After years of being a master-of-none with programming languages, I have finally settled on one to delve deeper into: Python. I’ve been learning Python for about a month now, and it has been quite pleasurable. Although the language has been around since 1991, it has been gaining in popularity in the recent years and is used in many underlying projects at Google, Youtube, NASA, Honeywell, and the University of Maryland to name a few. It is an excellent language for a programmer of any level to pick up, and I chose it because of its versatility, clear syntax, and ease of use for transforming my ideas into a a functional and high level language.
Along the way during the past month, I have sifted through hundreds of websites and quite a few beginner books. So here, I would like to share the links that I found most helpful in my quest for Python knowledge. As far as my past experience, I’ve dabbled in many other languages such as MATLAB, HTML, Fortran, C++, Java, Perl, and so on but never really grew to master a single one or use it in my daily life.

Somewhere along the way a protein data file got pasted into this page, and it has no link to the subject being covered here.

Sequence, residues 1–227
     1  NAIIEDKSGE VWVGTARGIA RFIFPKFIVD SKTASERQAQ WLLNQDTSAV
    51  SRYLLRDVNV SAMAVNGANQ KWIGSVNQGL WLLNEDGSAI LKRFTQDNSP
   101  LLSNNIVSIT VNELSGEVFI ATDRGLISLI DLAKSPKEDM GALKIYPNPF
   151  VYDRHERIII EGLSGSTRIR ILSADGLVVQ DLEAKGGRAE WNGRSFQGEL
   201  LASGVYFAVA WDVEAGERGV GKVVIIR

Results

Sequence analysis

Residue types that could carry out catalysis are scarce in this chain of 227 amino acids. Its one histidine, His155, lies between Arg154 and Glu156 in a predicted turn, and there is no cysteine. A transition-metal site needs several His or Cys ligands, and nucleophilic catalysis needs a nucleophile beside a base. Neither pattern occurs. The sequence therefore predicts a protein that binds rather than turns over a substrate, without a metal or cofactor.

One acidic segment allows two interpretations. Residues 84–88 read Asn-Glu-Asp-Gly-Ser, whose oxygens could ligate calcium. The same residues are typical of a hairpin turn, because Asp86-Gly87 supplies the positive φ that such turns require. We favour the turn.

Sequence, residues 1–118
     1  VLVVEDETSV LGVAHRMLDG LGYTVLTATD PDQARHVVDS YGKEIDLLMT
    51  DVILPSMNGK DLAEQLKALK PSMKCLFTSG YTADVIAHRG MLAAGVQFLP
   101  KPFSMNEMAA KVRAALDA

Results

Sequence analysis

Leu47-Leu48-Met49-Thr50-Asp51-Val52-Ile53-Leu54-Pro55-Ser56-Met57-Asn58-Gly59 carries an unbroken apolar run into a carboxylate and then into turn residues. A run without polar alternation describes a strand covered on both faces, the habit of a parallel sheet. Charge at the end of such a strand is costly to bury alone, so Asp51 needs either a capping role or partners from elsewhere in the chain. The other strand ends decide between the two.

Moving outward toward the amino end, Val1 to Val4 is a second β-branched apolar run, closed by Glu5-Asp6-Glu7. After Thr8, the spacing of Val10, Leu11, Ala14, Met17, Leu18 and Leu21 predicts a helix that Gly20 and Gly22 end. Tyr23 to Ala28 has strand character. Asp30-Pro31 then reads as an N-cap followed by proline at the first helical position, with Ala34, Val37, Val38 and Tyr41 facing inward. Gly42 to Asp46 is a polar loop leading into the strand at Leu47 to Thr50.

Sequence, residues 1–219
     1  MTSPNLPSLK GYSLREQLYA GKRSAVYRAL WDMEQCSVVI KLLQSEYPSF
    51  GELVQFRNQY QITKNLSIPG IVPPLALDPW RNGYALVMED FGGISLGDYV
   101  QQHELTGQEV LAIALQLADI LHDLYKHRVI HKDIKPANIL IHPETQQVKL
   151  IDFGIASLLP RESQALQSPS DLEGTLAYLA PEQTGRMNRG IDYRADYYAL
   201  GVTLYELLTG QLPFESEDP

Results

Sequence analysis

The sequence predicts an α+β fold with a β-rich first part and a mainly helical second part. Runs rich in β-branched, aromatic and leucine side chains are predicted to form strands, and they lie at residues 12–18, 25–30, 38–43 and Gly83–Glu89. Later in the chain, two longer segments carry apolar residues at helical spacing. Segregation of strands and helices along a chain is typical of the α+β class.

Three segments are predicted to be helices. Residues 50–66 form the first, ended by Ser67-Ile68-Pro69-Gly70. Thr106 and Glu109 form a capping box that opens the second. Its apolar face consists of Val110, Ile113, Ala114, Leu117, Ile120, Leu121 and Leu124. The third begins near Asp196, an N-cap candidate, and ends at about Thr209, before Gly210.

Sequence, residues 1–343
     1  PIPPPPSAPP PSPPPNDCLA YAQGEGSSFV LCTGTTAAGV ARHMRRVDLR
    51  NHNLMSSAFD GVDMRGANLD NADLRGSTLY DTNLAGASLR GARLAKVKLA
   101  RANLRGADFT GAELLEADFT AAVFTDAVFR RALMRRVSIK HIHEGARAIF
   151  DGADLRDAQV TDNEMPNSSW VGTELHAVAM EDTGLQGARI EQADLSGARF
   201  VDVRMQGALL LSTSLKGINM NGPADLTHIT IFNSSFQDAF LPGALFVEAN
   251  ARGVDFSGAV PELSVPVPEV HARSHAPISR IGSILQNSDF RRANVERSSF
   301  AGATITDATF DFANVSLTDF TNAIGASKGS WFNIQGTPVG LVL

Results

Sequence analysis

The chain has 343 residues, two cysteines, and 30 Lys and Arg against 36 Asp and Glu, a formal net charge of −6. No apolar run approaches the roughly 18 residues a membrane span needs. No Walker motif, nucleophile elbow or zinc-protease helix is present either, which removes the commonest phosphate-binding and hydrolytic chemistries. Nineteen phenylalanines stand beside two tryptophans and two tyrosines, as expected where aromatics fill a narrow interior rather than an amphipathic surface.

So, without further delay, on to the list:
Before You Start With Python
- Python.org – I couldn’t make this list without including the main Python site. There is just a great amount of information there. Plus everything I link to can probably be found there, but my list is only those resources that really helped me along in my learning experience.
- Teach Yourself Programming in Ten Years – Article by the director of research at Google – A great overview of programming and learning to program, all the while avoiding the ides presented by the “Learn to program in X days” books.